In a segment on some of the latest coronavirus developments and in response to the FDA statement concerning ID NOW, CBS News medical contributor Dr. David Agus stated (timestamp 1:21) "The company has said that NYU did it wrong and there's some methodology issues. What I do know is that every test has false negatives. It's not because necessarily the technology is bad. But it's because there may not be virus in the nose and the mouth when you put a swab in. We do it there because that's where droplets come out. But they may be elsewhere in the body at a very low level. So it’s in a sense not the technology’s fault but the biology. And so we’re never going to get a test that will tell us 100% if there's virus if we’re only looking in those two areas at the present time."
Physicians Immediate Care Senior Medical Director Dr. Warren Wollin told Fox Business's Stuart Varney that he has confidence in ID NOW and its COVID-19 testing for use at his 43 clinics in the Midwest. "We've been using the Abbott COVID-19 test now for almost seven weeks and I feel very confident in its accuracy," Wollin said. "I saw the NYU study that came out. I believe that it’s an anomaly. ... The NYU study did not do point-of-care testing, it was a very small sample size and it wasn’t peer quality reviewed."
And on CNN, John R. Hackett Jr., PhD, from Abbott’s Diagnostics business, said the NYU study is an "outlier."
"The New York study — and this is not a peer reviewed publication — at this point they've posted their study so there hasn’t been a quality review on the study itself," Hackett told Wolf Blitzer (timestamp 1:20). “It is really an outlier relative to other studies that have been published as well as the feedback we're getting from the real world. And when I talk about real world, this is the hundreds of testing sites that are in hospitals, mobile units, municipalities, urgent care clinics, a variety of different settings that are utilizing this test on a regular basis. Their feedback — as long as the test is run properly — is that the results are very effective and they see tremendous value in this."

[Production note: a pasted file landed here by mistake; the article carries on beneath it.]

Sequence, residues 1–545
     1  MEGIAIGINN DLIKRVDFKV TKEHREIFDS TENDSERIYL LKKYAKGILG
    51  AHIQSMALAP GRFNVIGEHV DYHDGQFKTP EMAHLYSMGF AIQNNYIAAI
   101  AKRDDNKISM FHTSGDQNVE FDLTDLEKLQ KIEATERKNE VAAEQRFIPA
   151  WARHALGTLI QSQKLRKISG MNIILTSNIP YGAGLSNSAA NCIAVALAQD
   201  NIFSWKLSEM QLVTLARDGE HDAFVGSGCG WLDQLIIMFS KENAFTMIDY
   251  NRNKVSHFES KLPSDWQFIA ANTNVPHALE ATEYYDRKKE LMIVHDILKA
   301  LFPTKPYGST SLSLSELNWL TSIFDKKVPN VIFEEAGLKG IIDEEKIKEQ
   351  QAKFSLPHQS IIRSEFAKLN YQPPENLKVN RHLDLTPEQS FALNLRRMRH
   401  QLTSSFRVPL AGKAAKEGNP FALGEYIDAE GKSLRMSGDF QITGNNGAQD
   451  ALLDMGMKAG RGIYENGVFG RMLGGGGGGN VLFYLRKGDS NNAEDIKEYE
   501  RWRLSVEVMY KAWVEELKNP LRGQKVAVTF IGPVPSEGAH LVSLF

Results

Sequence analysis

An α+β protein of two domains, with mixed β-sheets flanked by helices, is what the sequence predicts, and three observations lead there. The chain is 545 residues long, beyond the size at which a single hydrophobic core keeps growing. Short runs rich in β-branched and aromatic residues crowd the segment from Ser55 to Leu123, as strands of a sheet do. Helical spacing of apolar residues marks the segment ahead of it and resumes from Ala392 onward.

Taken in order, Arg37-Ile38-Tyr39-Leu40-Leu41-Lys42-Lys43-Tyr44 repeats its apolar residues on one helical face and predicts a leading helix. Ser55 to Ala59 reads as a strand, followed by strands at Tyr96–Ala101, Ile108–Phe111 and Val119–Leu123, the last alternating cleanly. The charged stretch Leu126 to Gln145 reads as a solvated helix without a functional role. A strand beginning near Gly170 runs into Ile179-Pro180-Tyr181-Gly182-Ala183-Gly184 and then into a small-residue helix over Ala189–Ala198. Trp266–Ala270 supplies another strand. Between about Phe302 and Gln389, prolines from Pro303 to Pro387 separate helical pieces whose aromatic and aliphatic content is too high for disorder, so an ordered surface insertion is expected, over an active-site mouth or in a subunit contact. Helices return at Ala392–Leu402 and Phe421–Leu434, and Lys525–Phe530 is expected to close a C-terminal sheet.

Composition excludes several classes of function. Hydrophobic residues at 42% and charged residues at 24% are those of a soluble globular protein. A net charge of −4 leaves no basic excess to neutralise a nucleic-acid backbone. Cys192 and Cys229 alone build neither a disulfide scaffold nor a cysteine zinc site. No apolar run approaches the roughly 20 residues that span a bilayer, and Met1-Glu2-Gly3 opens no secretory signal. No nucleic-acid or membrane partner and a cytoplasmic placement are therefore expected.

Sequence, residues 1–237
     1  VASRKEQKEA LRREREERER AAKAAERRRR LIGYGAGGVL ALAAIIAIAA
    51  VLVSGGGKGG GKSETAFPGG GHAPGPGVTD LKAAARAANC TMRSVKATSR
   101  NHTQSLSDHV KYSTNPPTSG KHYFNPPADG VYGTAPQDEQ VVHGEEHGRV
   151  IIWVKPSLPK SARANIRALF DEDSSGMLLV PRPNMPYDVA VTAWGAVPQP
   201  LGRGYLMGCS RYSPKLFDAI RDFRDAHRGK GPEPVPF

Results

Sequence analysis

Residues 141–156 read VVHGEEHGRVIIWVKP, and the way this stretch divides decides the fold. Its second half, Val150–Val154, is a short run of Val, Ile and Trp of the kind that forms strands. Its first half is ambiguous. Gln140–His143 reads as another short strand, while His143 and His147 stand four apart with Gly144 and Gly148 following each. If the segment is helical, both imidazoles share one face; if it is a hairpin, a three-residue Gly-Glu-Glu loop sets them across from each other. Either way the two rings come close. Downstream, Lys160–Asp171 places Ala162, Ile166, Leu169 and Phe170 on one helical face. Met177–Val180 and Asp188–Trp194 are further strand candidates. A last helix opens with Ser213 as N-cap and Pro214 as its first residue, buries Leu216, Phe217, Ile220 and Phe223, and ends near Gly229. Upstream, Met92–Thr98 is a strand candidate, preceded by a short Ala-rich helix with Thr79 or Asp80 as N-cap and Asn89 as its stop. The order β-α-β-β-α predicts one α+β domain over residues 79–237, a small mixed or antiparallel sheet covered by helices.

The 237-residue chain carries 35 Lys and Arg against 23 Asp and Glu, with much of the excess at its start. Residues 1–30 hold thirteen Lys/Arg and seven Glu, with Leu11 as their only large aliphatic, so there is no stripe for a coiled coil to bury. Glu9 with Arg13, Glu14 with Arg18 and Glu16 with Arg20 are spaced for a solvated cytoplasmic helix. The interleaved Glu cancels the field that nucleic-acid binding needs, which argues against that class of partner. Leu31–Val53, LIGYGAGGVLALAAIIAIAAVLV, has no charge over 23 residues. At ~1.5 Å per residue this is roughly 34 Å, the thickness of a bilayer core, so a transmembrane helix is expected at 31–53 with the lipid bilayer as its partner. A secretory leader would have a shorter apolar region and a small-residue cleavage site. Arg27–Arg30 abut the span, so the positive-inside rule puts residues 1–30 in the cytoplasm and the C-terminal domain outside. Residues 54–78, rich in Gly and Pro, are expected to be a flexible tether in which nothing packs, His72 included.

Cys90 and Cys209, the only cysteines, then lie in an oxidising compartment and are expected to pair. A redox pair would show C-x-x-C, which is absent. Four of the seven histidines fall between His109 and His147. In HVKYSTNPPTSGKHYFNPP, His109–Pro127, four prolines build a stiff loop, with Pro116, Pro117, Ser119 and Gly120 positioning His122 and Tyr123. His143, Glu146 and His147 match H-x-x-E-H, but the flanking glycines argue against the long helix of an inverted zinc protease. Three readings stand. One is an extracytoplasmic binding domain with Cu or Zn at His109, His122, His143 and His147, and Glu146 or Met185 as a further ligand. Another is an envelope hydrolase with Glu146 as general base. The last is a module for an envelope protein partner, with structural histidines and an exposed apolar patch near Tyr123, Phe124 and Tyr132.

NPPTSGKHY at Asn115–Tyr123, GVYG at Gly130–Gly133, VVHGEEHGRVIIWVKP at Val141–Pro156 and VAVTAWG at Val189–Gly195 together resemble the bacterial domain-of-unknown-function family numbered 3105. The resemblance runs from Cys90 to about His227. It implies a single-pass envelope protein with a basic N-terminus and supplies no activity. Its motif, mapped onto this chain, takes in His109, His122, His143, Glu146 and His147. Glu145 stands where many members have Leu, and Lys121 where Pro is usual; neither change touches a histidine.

Hackett, an expert in infectious disease and diagnostic testing, pointed to other studies that have shown much different results when compared the NYU numbers.
"And, in the same week, Dr. Po Tu from the Everett Clinic in Washington, he presented data on a study that he has going there he had 91% sensitivity and 100% specificity," Hackett said. "Now, this is far more in line with the other published studies. And so again, it indicates that there is something going on with this NYU study. It is clearly an outlier from data that’s been seen in general."
This story was originally published on May 19, 2020. It was updated to include reference to our announcement on interim clinical study data on ID NOW COVID-19 rapid test.
The ID NOW COVID-19 EUA has not been FDA cleared or approved. It has been authorized by the FDA under an emergency use authorization for use by authorized laboratories and patient care settings. The test has been authorized only for the detection of nucleic acid from SARS-CoV-2, not for any other viruses or pathogens, and is only authorized for the duration of the declaration that circumstances exist justifying the authorization of emergency use of in vitro diagnostic tests for detection and/or diagnosis of COVID-19 under Section 564(b)(1) of the Act, 21 U.S.C. § 360bbb-3(b)(1), unless the authorization is terminated or revoked sooner.